The Big Nate series shares three things in common with Diary of a Wimpy Kid and Dork Diaries: it flies off the library shelf, it appeals to all types of readers and is written with text and pictures.
Nate Wright is a sixth grader. He’s not the best student. In fact, he’s trying to avoid having to go to summer school. He has two best friends and a crush on a girl. Sounds like he’s 12, right? Wait until you hear Nate talk about his teachers! Mrs. Godfrey, his social studies teacher, is the worst. “When a teacher snaps and starts screaming, it’s called a Full Godfrey. (When Mrs. Godfrey does it, it’s called Monday.)”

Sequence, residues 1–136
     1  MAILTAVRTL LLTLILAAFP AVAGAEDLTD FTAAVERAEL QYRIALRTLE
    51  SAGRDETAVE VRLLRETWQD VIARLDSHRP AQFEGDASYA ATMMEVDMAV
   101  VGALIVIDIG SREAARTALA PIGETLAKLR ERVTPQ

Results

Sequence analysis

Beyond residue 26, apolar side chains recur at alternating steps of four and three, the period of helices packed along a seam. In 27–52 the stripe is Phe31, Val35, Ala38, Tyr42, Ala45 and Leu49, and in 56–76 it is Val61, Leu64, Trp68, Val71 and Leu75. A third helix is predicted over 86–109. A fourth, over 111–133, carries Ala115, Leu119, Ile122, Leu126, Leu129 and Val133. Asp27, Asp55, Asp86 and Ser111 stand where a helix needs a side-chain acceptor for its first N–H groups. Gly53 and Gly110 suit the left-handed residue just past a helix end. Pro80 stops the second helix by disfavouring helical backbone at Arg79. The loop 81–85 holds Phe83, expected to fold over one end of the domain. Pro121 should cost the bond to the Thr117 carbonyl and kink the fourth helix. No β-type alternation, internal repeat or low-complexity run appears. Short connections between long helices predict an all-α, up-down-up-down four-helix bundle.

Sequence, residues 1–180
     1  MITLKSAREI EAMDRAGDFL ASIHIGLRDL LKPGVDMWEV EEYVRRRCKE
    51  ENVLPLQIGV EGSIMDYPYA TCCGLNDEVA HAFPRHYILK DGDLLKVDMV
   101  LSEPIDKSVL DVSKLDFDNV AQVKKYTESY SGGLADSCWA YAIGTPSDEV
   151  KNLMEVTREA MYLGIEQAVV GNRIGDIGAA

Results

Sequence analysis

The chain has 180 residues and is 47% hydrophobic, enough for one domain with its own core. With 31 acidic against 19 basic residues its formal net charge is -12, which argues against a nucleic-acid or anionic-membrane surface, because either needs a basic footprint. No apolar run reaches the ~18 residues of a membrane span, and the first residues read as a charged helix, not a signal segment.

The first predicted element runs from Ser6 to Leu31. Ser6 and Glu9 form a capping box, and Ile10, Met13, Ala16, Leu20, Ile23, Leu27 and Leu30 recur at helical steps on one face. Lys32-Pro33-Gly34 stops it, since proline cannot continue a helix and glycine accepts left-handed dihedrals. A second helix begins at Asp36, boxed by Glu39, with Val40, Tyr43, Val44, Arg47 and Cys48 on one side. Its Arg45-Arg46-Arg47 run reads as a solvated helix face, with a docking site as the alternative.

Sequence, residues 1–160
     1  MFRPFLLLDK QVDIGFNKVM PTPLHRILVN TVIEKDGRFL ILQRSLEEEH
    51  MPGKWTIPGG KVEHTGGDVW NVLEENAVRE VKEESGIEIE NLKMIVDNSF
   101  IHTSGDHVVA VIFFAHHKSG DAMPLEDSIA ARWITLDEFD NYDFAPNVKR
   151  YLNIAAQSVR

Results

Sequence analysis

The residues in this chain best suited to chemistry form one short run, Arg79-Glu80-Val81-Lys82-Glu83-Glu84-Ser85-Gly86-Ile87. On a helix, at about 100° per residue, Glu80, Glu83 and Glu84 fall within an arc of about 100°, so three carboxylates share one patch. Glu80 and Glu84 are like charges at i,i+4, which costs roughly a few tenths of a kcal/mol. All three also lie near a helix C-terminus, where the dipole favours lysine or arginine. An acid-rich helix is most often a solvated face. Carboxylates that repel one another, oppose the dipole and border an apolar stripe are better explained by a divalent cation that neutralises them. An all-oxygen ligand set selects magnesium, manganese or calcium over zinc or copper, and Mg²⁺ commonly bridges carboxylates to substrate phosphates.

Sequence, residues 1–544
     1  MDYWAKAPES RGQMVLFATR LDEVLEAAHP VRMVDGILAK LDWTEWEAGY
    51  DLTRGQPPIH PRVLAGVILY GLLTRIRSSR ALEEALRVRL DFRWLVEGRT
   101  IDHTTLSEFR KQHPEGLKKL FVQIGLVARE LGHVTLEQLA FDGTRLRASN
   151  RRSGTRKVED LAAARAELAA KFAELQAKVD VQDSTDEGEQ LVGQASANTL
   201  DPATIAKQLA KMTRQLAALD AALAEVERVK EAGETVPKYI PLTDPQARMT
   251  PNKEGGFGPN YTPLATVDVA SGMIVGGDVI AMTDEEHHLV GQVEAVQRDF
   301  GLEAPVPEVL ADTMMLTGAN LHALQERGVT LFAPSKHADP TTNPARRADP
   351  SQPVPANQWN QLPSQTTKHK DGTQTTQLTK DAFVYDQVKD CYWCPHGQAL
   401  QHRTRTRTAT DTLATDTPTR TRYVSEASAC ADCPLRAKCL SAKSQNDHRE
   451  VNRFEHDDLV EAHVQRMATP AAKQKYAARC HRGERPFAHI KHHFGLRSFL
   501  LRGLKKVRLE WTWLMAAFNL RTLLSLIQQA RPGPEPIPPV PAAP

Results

The day Nate gets a fortune cookie that says he “will surpass all others”, turns out to be the worst day ever. He tries lots of different things to “surpass all others.” Whether it’s getting caught trying to set the world record in speed-eating green beans (from the school cafeteria – ick!) or wearing Coach John’s shorts stuffed with paper towels (long story), everything seems to earn Nate detention – everything.
Big Nate hits home with so many of my students. My son read six Big Nate books on one trip. I think it’s because Lincoln Peirce captures a 12 year old’s snarky voice so well. It’s sure to be a hit.
If your students like Big Nate, they’ll also love Lincoln Pierce’s Big Nate comic books.